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Engineers without borders: taking on challenges, growing from the experience

City of Ciudad España

The University of Missouri Engineers Without Borders (EWB) chapter completed their second assessment trip to rehabilitate a wastewater treatment facility in Ciudad España, Honduras, during MU’s spring break. The team of six students and their professional mentor, Nicole Young of CDM, spent their time working to assess the condition of the facility after a new city water board team removed water hyacinths that had been in place during the last assessment trip in May 2010.

“We didn’t recommend the removal of the water hyacinths and had to change our approach because the water levels were lowered,” Steven Stepanovic, a junior civil engineering student, said.

The wastewater system used the floating aquatic plants for nutrient removal, but members of a new water board decided to remove them because they saw the lagoon was not functioning properly and did not realize the feature could be modified.

“Our original goal was to spend the trip testing the water quality and performance of the facility without the hyacinths, but was then changed to reinforcing communication with the community, observation and gauging the depth of the sludge,” Danny Nabelek, a junior in electrical and computer engineering, said.

The first few days of the trip were spent meeting with the newly elected water board leaders and communicating EWB’s role in the process, as well as working with their budget to determine how they could contribute financially to the project.

“We presented a formalized document outlining our observations, immediate recommendations, long-term recommendations and defined the community’s role. They committed to pay 50 percent of six months of water sampling costs,” Stepanovic said.

EWB-MU team members discussing sanitation issues with village children

The team also made observations and recommendations regarding the safety and health issues with facility operators.

A hefty amount of their time was spent conversing with the plant operator, allowing him to ask questions and better understand the reasons for certain changes in the lagoon system.

The lagoon system was originally designed as a three-cell lagoon-type wastewater treatment plant, in which biological plants use microorganisms to treat the wastewater naturally under controlled conditions. This system’s third cell was designed as a maturation cell with a replaceable filter that requires maintenance and changing every five years. A lack of instruction and guidance resulted in improper filter replacement causing the third cell to malfunction.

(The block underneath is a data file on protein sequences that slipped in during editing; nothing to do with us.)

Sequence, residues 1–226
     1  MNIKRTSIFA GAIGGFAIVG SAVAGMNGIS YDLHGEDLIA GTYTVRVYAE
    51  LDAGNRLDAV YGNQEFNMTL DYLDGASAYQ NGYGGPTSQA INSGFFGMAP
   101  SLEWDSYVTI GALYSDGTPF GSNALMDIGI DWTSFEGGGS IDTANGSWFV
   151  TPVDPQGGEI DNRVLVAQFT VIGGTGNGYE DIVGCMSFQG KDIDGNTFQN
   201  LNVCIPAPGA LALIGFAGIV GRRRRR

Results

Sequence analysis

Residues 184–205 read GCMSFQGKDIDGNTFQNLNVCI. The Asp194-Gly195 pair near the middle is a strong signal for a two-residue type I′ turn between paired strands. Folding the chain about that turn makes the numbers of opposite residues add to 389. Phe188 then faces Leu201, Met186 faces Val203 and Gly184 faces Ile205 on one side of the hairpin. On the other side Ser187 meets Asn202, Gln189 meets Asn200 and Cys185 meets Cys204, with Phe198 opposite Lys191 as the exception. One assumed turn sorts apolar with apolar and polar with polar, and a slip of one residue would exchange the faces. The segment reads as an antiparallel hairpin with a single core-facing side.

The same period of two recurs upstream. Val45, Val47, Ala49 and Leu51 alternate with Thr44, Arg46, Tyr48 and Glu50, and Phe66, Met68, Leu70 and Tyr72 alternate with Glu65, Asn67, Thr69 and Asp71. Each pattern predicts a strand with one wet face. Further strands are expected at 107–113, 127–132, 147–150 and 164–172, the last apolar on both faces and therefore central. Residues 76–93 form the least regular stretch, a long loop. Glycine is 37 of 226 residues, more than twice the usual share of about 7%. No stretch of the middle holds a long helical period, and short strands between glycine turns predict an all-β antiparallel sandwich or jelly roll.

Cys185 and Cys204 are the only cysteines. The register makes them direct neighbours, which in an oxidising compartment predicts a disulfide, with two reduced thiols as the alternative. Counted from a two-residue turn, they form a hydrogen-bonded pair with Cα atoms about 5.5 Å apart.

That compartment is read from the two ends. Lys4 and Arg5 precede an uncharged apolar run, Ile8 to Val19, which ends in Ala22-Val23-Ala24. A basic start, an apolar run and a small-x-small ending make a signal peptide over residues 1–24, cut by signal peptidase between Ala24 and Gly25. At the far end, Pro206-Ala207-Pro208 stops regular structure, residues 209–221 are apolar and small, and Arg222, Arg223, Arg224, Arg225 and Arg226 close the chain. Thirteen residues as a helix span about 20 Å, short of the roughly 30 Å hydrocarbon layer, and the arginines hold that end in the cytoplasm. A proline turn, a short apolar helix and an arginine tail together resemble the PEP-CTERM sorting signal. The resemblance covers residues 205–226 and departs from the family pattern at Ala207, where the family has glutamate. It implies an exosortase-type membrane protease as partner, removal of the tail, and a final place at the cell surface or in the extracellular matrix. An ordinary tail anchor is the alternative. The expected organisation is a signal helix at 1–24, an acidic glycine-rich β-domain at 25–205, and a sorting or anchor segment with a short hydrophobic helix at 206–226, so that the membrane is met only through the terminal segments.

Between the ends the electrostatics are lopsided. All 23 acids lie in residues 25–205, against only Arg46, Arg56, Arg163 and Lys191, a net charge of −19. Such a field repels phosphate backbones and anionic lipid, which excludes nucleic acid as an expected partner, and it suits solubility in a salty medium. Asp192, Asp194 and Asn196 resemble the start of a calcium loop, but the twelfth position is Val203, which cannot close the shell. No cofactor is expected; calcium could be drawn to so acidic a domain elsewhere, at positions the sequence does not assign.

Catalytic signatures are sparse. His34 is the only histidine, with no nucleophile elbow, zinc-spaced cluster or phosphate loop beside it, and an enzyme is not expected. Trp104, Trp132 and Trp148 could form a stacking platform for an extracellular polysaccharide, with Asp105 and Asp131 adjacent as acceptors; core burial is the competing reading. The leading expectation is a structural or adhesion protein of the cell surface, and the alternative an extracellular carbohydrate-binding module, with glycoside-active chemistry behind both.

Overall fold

“The community dug a channel in the third cell bypassing the entire cell and its filter, sending water straight to the effluent. Bypassing the third cell in this way could allow the unused part of the cell to have too much plant growth and change the entire cell,” Stepanovic said.

The lagoon-type system begins with a chamber with multiple grit screens. These screens start large and get progressively smaller to catch all the non-organics in the water. Grit chambers must be periodically cleaned out. From the grit-screening chamber, water flows into the first cell. The first and second cells allow organics to settle while biological processes, anaerobic and aerobic, further treat the water. The second cell also includes baffling to increase the retention time of that cell. The final cell was designed as a maturation cell or a “polishing cell,” which further treats the water by passing it through a filter.

The team’s next steps will involve about six months of water quality sampling to determine whether or not to change the third cell, as well as post-assessment documentation and an examination of flow rates to determine the best way to maintain the system.

They plan to draft an operations and maintenance manual by December, after determining the best design.

“They don’t have a document that is easy to understand, with basic maintenance and safety information,” Nabalek said.

Nabalek and Stepanovic said without private donations, contributions from the College of Engineering, and the Organization Resource Group at Mizzou they received, the project would not have been possible.

Paul Roth, a retired 1956 civil engineering alumnus and a member of the MU Civil Engineering Academy, generously contributed $9,500 to the group’s effort.

Team members conducting sludge sampling

“Water management is perhaps the most essential of all elements for health in the world,” Roth said. “This project is a great opportunity to help a community in a disadvantaged country, while giving Mizzou engineering students experience they might not get in any other way. Giving help to others who need assistance is who we are as a nation.”

Stepanovic will be president of EWB Mizzou in the fall, and Nabalek will serve as vice president of communications.

“We hope to take on more projects with more members in the next year,” Stepanovic said.

“It’s so fascinating to watch an international project where you as a student actively work as an engineer across cultures,” Nabalek said.


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